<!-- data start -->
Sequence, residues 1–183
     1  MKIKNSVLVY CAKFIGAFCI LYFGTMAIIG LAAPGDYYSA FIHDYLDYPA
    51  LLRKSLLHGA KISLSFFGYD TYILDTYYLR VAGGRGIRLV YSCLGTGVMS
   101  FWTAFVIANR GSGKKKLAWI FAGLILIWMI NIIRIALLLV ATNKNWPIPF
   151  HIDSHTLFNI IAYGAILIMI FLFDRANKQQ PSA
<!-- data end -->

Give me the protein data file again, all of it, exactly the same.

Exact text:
Sequence, residues 1–183
     1  MKIKNSVLVY CAKFIGAFCI LYFGTMAIIG LAAPGDYYSA FIHDYLDYPA
    51  LLRKSLLHGA KISLSFFGYD TYILDTYYLR VAGGRGIRLV YSCLGTGVMS
   101  FWTAFVIANR GSGKKKLAWI FAGLILIWMI NIIRIALLLV ATNKNWPIPF
   151  HIDSHTLFNI IAYGAILIMI FLFDRANKQQ PSA